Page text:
‘Tazza’ sequel’s success is a sure bet
While the first film in the series is about Goni - played flawlessly by Jo Seung-woo - who becomes the best-known gambler in town, the soon-to-be released sequel is about his nephew Dae-gil.
Choi Seung-hyun, better known as T.O.P from renowned K-pop group Big Bang, takes on the role of Dae-gil, who has a natural talent for gambling and risks his life on the game.
Yoo Hae-jin and Kim Yun-seok from the original movie are also involved in the second film, mingling with new characters who play hwatu and bet their money and lives on it.
The new flick is directed by Kang Hyeong-Cheol, who was at the helm of hits such as “Speedy Scandal” (2008) and “Sunny” (2011).
“I didn’t feel pressure directing the film after the success of its prequel, which was directed by Choi Dong-hoon, but I was happy to be the director for the sequel of such a great movie,” said Kang at a press conference held on Monday at Lotte Cinema in Gwangjin District, eastern Seoul.
The highlight of the movie is a scene where the characters Choi, Kim, Kwak Do-won, Shin Se-kyung and Lee Honey sit around a table playing hwatu in just their underwear after Kwak suggests that the gamblers should play the game naked.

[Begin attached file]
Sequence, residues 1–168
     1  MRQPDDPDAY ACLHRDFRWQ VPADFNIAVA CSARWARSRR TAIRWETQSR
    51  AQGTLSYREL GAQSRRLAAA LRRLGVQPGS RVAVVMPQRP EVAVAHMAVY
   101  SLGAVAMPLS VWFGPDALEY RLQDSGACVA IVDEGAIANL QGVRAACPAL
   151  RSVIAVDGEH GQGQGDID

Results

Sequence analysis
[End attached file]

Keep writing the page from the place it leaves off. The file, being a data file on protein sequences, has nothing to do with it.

When asked about the hot scene, Shin, who played Mi-na, Dae-gil’s first love, said, “I felt a heavy weight on my shoulders, of course. But the funny thing is that we were starving while shooting the scene, so I could hear stomachs growling.”
“On the day of shooting, I saw Yoo appear in the studio, even though he didn’t take part in the scene,” laughed Lee, who plays the femme fatale character.
There are not as many eye-catching card tricks featured this time around, but viewers will be thrilled to witness intense psychological battles filled with deception and betrayal throughout various rounds of hwatu.
Another notable feature of the film is Choi, who pulled off his character well despite concerns about his transition from boy band member to actor.
“I tried to focus on Dae-gil’s characteristics, such as him being fearless and acting on his instinct,” Choi said.
Despite its 127-minute running time, there’s not a boring moment in the movie. It explores various aspects of the characters in-depth and is injected with more humor than the prequel, particular with actor Yeo Jin-goo and director Lee Joon-ik’s cameo appearances.
The film opens Sept. 3.
BY SONG DA-IN CONTRIBUTING WRITER [firstname.lastname@example.org]
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